But in stark contrast to the protagonists of his dark detective novels, the former Edinburgh bookshop worker has a surprisingly gentle demeanour.
It is an anomaly that tickles the 41-year-old Portobello man, whose life has come under close scrutiny since best-selling Edinburgh author Ian Rankin propelled him from the unknown just over two years ago.
"There is a dark side to Allan Guthrie but only at the weekends. I try not to kill people during the week," he jokes.
"I'm teetotal and a vegetarian which is sometimes a surprise to people who meet me expecting me to resemble one of the characters in my books.
"I'm really quite normal. My imagination has some serious kinks in it, that's all."
Allan has come a long way since working his final shift as a stock room manager in the West End branch of bookshop Waterstone's just over a year ago.
After securing an astounding three-book deal, he is now looking forward to his third novel, Hard Man, being published next month.
Hard Man - the final book in the trilogy - focuses on Pearce, a time-served Edinburgh hard man, who is asked to protect a pregnant 16-year-old from her violent father, and is set predominantly in Guthrie's home of Portobello.
His acclaimed first novel, Two-Way Split, was published two years ago while his second book, Kiss Her Goodbye, was nominated for a major American crime-writing award.
Guthrie says his tales of vengeance and violence are inspired by the city which he has now lived in since moving from Orkney just over 20 years ago.
"There is a wealth of crime writers in Edinburgh and I wonder if those of us who weren't born here are lured here by the Gothic," he says.
"I always find the Old Town inspirational. I can't help but wonder how many stories are locked away among all those closes and wynds.
"I try not to think about writers who came before me when I'm writing myself. If I did, given the abundance of literary talent Scotland - and Edinburgh in particular - has bestowed upon the world, I wouldn't be able to get as much as a sentence written."
After years searching for an agent, Guthrie's writing career began to come to fruition just over two years ago when Ian Rankin, the best-selling author of the Rebus detective novels, announced he was a fan.
Speaking at the 2004 Edinburgh International Book Festival, Rankin urged his audience to read then unknown author Guthrie's new book.
The press coverage that followed undoubtedly helped Guthrie secure a three-book deal with Polygon and the author was paid 50,000 - the largest advance in the publishing firm's history.
"Ian Rankin has said some flattering things about my work and his support undoubtedly has been of enormous benefit," recalls Guthrie.
"That spurt of publicity resulted in interest from several agents. I found myself in the very nice position of being able to choose.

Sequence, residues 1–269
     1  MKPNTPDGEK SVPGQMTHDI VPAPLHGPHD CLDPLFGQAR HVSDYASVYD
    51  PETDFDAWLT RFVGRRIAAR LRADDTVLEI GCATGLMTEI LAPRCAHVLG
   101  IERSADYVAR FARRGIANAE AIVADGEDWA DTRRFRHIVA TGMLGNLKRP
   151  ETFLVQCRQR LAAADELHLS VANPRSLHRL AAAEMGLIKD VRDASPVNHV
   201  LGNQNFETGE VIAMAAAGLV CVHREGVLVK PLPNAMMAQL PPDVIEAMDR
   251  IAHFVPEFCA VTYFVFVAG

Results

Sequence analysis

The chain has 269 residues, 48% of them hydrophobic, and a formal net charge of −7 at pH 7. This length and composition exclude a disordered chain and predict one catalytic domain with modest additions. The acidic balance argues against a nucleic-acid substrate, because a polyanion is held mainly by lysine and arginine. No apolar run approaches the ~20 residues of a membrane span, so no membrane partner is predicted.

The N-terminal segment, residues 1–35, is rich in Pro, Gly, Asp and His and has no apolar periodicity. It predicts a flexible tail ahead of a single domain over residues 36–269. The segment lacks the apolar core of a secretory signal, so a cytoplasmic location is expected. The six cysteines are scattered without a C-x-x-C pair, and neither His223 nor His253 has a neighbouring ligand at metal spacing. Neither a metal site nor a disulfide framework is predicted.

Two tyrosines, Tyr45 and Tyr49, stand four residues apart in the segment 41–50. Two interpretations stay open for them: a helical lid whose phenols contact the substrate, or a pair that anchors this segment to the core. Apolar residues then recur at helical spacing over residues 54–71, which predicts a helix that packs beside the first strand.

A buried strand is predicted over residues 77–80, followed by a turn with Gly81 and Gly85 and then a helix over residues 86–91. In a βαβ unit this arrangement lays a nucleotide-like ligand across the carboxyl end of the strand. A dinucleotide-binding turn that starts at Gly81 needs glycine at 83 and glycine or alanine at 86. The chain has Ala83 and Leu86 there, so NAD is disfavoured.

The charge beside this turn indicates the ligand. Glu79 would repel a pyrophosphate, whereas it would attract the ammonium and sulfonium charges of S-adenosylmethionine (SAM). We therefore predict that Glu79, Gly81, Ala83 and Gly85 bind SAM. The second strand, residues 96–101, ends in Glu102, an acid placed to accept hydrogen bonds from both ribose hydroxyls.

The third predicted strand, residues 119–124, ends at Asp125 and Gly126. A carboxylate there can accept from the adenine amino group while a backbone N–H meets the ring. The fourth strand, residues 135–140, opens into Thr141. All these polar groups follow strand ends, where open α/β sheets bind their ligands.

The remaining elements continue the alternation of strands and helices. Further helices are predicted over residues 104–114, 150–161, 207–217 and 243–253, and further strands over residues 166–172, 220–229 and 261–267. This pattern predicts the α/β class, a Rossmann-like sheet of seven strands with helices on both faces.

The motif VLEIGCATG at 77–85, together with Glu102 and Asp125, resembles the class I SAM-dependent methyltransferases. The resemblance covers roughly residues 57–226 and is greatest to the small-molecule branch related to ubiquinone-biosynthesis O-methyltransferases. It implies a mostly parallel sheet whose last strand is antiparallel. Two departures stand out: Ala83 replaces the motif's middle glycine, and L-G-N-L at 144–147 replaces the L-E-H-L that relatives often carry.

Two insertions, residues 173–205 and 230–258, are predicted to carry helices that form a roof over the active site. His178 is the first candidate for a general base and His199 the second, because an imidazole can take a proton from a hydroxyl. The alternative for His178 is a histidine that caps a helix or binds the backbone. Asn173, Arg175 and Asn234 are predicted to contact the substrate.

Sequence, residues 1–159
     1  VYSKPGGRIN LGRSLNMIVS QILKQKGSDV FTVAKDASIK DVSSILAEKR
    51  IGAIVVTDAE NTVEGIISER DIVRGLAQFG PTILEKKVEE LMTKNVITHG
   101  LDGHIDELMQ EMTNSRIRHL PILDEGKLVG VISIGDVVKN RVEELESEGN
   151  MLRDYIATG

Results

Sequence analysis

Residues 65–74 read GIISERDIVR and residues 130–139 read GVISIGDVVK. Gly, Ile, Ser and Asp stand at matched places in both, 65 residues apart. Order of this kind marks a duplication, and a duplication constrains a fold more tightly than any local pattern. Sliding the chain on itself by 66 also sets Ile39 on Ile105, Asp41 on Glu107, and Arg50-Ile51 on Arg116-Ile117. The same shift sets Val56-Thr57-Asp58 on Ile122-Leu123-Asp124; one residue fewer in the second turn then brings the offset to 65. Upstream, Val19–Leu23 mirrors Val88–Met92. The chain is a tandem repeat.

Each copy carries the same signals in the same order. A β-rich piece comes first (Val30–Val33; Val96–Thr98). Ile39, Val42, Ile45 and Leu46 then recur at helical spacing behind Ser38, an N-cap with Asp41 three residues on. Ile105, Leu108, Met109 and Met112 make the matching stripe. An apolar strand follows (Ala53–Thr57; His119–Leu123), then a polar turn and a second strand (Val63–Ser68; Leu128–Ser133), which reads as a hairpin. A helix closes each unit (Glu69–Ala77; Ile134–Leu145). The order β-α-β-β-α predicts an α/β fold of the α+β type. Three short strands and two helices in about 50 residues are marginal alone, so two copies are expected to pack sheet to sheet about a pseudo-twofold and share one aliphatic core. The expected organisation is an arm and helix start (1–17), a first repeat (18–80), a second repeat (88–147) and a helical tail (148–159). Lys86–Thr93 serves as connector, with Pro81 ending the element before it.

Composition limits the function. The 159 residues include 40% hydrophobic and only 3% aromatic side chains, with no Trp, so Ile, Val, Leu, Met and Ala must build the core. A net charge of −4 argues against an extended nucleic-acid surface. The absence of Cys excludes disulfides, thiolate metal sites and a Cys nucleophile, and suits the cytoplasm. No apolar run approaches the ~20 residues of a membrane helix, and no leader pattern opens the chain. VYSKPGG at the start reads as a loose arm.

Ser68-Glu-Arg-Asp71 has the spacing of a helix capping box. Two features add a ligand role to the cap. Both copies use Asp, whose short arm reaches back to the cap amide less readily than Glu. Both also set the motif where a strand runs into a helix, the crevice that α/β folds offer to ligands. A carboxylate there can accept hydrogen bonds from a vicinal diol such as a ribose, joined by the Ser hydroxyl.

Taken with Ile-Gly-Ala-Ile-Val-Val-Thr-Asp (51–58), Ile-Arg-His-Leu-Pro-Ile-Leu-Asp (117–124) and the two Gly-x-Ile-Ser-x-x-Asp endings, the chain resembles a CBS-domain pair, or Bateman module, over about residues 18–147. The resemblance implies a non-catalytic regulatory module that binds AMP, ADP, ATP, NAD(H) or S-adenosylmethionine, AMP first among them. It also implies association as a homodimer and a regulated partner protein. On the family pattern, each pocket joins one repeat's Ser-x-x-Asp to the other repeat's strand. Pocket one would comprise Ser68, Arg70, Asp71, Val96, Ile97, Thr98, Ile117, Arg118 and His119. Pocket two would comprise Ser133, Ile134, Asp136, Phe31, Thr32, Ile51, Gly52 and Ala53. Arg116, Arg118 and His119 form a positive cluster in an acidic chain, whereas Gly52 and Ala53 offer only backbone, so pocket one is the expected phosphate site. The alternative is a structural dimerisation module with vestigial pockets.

"The catalysts for me getting a shot at being published in the UK in the first instance were undoubtedly Ian Rankin and the subsequent Evening News story."
It is an incident that Ian Rankin remembers well and the king of Capital crime-writing has since kept a close eye on Guthrie's progress. "I follow Allan's career with great interest and I have already read an early copy of his new book which I enjoyed," Rankin says now.
"He has huge passion for crime fiction - having been a fan of the genre and having worked in a bookshop before he ever tried writing any - so he brings to his work a lot of knowledge of the crime tradition.
"It's good to see him getting decent advances too - I only received about 800 quid for the first Rebus!"
Guthrie admits he has always been a budding author and he wrote his first short story when he was just five years old.
He continued writing throughout his childhood on Orkney and, encouraged by his teacher, even completed a 100-page novel by the time he was in primary five.
"On the afternoons when the other kids were drawing and painting, my teacher encouraged me to write," says Guthrie. "By the end of the year I'd completed a short novel of over 100 pages."
"It was a crime novel involving a group of 14 kids who became involved in a series of murders while they were on holiday.
"I wrote two novels in my teens which were angst-driven existentialist nonsense that thankfully no one but me has ever read."
With fewer children and young people reading than ever before, Guthrie believes that if novelists are to survive, they will have to tailor their work to appeal to readers who spend as much of their time watching crime shows like the Sopranos or who enjoy violent computer games like Grand Theft Auto.
And with his roots as an unknown author still fresh in his mind, he is keen to help new writers via his own website, titled Noir Originals.
"I try to help new writers whenever I can," he says.
"I don't have a great deal of spare time, but I do find that sometimes I'll offer editorial advice on a piece of writing that's been sent to me via my website and it clicks with the writer.
"I love nothing better than when that happens. Of course, sometimes I get the opposite response but I still think it's worth offering my advice for those who want it and feel they can benefit from it."
Hard Man is published by Polygon priced 9.99 on April 1, while Allan Guthrie's Noir Originals website can be found at www.allanguthrie.co.uk